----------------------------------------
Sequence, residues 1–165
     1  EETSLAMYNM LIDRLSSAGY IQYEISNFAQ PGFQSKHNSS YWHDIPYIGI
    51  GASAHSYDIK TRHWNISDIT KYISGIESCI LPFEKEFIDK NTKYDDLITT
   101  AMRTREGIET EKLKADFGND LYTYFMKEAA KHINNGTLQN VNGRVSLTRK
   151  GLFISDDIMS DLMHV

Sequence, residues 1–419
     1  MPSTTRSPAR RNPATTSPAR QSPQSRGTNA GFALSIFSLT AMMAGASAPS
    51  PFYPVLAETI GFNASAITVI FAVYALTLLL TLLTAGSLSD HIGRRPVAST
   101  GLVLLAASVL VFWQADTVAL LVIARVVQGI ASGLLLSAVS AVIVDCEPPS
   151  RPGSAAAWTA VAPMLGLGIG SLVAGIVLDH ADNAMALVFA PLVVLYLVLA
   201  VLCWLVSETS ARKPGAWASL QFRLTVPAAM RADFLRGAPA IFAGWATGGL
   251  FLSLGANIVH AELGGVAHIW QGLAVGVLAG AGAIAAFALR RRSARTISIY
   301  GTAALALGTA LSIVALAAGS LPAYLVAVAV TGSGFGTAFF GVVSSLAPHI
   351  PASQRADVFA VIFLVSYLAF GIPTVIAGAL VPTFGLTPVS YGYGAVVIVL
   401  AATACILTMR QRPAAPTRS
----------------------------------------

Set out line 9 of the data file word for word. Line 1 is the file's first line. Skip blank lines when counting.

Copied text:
   101  GLVLLAASVL VFWQADTVAL LVIARVVQGI ASGLLLSAVS AVIVDCEPPS